A Historic Vote for Tampa's Cuban Sandwich, Pressed or Cold
Tampa City Council will vote today on a resolution “designating and authenticating” the “Historic Tampa Cuban Sandwich.” But, Miami’s Cuban community disputes Tampa’s claim to the sandwich.
The mixed meat sandwich, originally called a “mixto”, became popular in Tampa among Cuban cigar factory workers in the late 1890s and early 1900s.
The resolution specifies the ingredients of the authentic Tampa Cuban sandwich as sweet ham, mojo-marinated roast pork, Swiss cheese, dill pickles, mustard and Genoa salami.
Miami’s mayor takes exception to salami on a Cuban – saying it belongs on a pizza. Ybor City residents say the Italian salami and the sandwich represents Tampa’s rich immigrant mix.
Even within Tampa’s Latin community there are arguments over the iconic sandwich. Should a Cuban be served pressed or cold, with a slice of turkey or without?
Yet, all agree on one critical ingredient: Tampa Cuban bread. It must have a crunchy - thin crust, a soft, doughy interior and baked with a palmetto leaf splitting the center.
“Cuban bread is a little bit sweet, a little bit sour and it also has that salt flavor when a loaf comes out right,” said Copeland More, co-owner of La Segunda Central bakery in Ybor City. His great grandfather opened it in 1915.
His dad, Tony More, said La Segunda bread is better tasting than bread made in Miami.
“If you look at a loaf of Cuban bread from Miami and you put one of Tampa’s Cuban bread, the appearance is difference,” the elder More said. “This (Tampa’s loaf) is much darker looking, Miami’s is pale white. You cut it and Miami’s just crumbles apart, this (Tampa’s) one doesn’t.”
At La Segunda, loaves still made in the traditional length, 36 inches, with a palmetto leaf down the center. The dough is dried for 6 hours to create the crisp crust. Loaves are baked directly on the hearth, not in a pan. The Mores won’t cut corners out of respect to their history and their culture.
“Anybody can put ham and cheese in a sandwich and call it whatever they want to,” Tony More said. “But, Tampa Cuban bread is unique. You’re not going to find it anywhere else in the whole world probably.”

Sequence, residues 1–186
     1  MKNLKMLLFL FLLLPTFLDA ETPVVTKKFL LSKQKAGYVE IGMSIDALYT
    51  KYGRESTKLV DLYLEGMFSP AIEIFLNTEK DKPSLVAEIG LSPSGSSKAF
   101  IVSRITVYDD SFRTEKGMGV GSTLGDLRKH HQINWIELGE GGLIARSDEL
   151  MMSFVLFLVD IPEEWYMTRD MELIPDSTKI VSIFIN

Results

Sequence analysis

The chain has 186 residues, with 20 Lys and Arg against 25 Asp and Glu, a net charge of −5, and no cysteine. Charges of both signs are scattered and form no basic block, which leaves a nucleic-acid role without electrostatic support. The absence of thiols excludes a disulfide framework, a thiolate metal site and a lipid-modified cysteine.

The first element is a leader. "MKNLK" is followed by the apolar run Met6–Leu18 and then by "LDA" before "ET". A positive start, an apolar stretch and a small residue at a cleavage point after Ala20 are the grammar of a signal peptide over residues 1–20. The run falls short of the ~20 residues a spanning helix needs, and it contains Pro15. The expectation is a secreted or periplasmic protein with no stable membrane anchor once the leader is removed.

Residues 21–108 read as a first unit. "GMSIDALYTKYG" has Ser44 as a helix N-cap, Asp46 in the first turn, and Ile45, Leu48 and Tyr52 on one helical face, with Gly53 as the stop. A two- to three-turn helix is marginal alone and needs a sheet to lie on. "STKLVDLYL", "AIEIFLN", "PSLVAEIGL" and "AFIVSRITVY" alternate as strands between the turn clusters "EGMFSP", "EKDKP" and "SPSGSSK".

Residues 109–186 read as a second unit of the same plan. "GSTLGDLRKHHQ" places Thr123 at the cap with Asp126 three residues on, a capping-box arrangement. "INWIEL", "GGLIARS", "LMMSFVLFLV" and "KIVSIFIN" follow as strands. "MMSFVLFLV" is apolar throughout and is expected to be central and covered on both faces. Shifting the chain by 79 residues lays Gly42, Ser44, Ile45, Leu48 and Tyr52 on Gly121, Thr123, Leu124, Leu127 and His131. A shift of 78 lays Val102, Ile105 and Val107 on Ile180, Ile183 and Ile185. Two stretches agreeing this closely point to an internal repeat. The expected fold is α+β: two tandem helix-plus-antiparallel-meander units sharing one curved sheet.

The cigar worker families of last century have become Tampa’s entrepreneurs. Michelle and Robert Faedo represent the new generation. They sold their restaurant and now serve Cubans, deviled crab and burgers out of a food truck.
“At rallies, I’ve had people that came from Miami and told me ‘listen I’m from Miami, I think we’ve got the best,’” Michelle Faedo said. “And they ate my Cuban sandwich and came back to my window and said ‘you know what that’s one of the best Cubans we’ve ever had.’”
Her husband also a Tampa native is a bit incredulous that Miami’s Cuban community would try to claim Tampa’s historic sandwich.
“You know just because there are a lot of Cubans in Miami, it doesn’t mean that the Cuban sandwich is from there,” Robert Faedo said.
Tampa has been serving up some form of a Cuban sandwich for more than 100 years according to Andrew Huse. The University of South Florida research librarian wrote a book on the history of Tampa’s oldest Spanish-Cuban restaurant, the Columbia.
“My argument is: we were having Cuban sandwiches here when Miami was still the glean in an alligator’s eye,” Huse said. “It (Miami) didn’t even exist yet. So, I’m not sure what they’re saying their claim to fame is - that their’s is the correct Cuban, or that their’s is better? In any case, I think they’re wrong on all counts”
It could come to a showdown in Tampa this May 26th at the Latin Times Cuban sandwich contest. But, Robert Faedo has a suggested rule: Miami vendors shouldn’t be allowed to use Cuban bread made in Tampa.
“Now, that would be a great contest,” Faedo said. “But Miami has to use their products and we stick to our product.”